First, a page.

Through WOWSA (Week of Worker Solidarity Action), a program organized by the United Student Labor Action Coalition (USLAC) to put students in touch with Sun Services workers and allow them to witness firsthand their work schedules, an Argus reporter was able to shadow David, a custodian whose name has been changed in this article, for part of his shift. In order to further protect the anonymity of the custodian, the locations and time frame of his shift have intentionally been made vague.
In the early morning of Wednesday, Oct. 15, I met David outside of one of the buildings he cleans. He was dressed in work jeans and a light sweater, concealing the cerulean blue Sun Services T-shirt that is required as part of his uniform. David was humble and sweet, willing to show me every aspect of his job even though he knew it would lengthen his work day. He answered my many questions as carefully and thoughtfully as he could, despite my broken Spanish.
David told me things that I, as a new student, hadn’t known or hadn’t thought to ask. He commutes every day from more than half an hour away for his shift. He has a daughter, and it was her birthday the day I joined him on his shift.
Fourteen years ago, David came to Connecticut from South America. He and his wife had just married, and they decided that they could give any future children a better upbringing in the United States. Prior to coming to the U.S., David owned a taxi cab in his home country, and he was hoping to find success in a different profession once he arrived in America.
David has been a custodian at Wesleyan for the duration of his time in America. He said that, until last year, he was treated very well. However, since Sun Services took over the University’s custodial contracts, his workload has nearly quadrupled. Before, one custodian cleaned a set of halls. Now, one custodian cleans an entire building, or sometimes multiple buildings. David and his colleagues are still expected to complete their work within the time constraints of their shift.
David is responsible for multiple buildings. On each floor, he is expected to ensure that the hallway is free of garbage, empty the trash, and clean the bathrooms and kitchens.
First, he removes all of the garbage from each building, floor by floor, and then returns to the first building to start cleaning the bathrooms. As I accompanied him for these tasks, they seemed like they would never end.
While I was shadowing him, David received calls from his supervisor who was worried that I was helping David with his cleaning. Though the supervisor was aware of the shadowing program, legal concerns dictated that students could not help with the work.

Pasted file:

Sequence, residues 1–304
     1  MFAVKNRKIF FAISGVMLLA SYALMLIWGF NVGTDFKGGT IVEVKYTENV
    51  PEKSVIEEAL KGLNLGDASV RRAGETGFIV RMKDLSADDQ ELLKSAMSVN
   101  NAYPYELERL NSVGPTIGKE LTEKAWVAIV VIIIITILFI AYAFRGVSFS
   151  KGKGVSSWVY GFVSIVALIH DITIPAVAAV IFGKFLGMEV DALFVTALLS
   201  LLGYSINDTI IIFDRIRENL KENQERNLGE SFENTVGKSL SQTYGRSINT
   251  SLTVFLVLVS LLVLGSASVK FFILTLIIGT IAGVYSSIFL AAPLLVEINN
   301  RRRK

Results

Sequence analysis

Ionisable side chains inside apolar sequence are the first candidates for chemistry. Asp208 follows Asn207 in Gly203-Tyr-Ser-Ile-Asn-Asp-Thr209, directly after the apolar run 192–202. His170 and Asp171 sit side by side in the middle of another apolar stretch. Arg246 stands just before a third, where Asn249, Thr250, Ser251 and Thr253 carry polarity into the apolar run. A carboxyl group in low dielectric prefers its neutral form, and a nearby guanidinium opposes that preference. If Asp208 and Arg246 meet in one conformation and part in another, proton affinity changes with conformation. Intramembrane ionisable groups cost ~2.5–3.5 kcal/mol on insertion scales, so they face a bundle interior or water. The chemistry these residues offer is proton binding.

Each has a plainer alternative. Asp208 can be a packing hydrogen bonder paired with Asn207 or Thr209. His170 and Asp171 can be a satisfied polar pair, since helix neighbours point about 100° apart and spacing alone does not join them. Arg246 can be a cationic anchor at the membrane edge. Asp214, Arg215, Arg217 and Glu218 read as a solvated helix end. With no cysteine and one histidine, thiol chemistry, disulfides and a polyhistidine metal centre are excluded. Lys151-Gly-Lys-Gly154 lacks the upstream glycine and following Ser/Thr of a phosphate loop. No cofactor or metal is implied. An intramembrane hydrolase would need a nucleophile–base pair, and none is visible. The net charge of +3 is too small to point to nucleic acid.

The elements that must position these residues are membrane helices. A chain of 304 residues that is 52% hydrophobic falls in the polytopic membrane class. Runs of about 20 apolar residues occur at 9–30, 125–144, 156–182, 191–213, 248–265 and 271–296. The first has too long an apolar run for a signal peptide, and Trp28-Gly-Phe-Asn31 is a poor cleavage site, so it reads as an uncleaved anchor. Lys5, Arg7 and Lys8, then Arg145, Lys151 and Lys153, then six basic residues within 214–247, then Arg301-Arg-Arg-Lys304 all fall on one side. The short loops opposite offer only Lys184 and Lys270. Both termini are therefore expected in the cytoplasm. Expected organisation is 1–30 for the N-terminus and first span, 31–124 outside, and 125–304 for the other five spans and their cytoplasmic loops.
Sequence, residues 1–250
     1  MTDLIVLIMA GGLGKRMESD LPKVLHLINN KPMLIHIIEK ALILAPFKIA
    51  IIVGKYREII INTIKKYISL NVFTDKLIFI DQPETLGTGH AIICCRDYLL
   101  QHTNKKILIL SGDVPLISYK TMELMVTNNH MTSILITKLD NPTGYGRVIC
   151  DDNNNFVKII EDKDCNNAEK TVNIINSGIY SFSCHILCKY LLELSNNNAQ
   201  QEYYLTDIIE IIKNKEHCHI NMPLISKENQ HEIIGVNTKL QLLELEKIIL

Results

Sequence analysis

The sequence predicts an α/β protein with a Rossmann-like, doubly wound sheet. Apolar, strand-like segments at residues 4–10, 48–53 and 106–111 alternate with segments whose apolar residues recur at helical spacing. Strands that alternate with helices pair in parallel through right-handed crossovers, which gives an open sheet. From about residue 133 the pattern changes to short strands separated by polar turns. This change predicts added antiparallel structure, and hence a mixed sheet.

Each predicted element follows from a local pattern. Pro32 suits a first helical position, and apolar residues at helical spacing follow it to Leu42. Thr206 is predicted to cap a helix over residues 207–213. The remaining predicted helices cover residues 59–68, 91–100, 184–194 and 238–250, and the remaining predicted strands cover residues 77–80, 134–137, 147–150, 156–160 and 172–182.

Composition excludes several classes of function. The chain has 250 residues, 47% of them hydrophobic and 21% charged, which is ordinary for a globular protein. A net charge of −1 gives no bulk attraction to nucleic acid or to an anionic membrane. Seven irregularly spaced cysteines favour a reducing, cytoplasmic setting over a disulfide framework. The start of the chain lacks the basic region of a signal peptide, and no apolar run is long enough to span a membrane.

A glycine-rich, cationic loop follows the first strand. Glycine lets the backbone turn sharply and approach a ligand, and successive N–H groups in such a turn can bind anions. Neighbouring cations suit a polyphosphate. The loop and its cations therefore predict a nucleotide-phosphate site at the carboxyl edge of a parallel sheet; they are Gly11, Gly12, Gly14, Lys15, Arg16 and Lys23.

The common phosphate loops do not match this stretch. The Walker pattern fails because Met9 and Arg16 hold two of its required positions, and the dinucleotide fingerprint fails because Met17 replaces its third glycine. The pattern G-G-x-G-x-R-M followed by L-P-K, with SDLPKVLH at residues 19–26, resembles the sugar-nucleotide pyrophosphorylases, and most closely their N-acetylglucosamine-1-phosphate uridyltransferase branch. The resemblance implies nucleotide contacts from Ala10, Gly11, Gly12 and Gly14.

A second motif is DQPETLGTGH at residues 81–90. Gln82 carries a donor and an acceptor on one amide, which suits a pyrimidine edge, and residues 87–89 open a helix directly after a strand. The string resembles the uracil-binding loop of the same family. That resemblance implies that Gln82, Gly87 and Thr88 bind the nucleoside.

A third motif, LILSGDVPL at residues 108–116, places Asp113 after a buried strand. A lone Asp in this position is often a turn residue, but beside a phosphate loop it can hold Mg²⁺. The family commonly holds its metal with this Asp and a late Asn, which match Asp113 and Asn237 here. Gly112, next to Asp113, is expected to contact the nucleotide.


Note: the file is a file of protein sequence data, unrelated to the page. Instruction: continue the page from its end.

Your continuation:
I was soon made aware of the trivial things, which often go unnoticed by students, that amplify David’s workload. He showed me the bottom of a garbage can after he had removed the garbage bag that was stained with old coffee. Someone had thrown a full coffee cup into the garbage, and the bag had leaked and spilled coffee onto the bottom of the garbage can. As he cleaned the bottom of the can, David explained that things like this happen very often.
He showed me bits of cereal that were stuck to one of the sinks in the bathroom. Someone had emptied their breakfast into the sink haphazardly, and the responsibility to remove those cereal bits fell to him. Inconveniences such as this add up, and can cost David a lot of time while he is attempting to stay on track with his shift.
David explained to me that the most garbage accumulates at the beginning and end of the week, on Monday and Friday, with less at the middle of the week. Once he has collected all of the garbage bags from each floor, David brings them outside to the dumpster.
When it comes to cleaning the bathroom, David is expected to mop the floor, scrub the sinks and the toilets, and, every few days, clean the shower. Cleaning each shower can take up to 30 minutes, depending on how much hair is stuck in the drain.
According to David, his shift is lighter than others because he works from Monday to Friday and has weekends off, while other custodians, including those who work at the Freeman Athletic Center, work on weekends. Also, while he works an almost standard workday, some custodians have shifts that begin at 12 a.m. and last until 8 a.m., and some begin at 4 a.m. and last until 12 p.m.
David told me that he gets paid a little over $14 an hour, which is roughly $100 a day. His pay remained constant with the shift to Sun Services, even though his workload has greatly increased. The custodians have all been asked to work overtime on Homecoming weekend, but their overtime pay is only $21 an hour, which has been a source of contention.
In response to being asked if he plans to stay at the University, David replied that he had planned to stay indefinitely because his daughter was born here. However, he doesn’t know now how he’ll proceed or how his contract at the University will serve him in the future.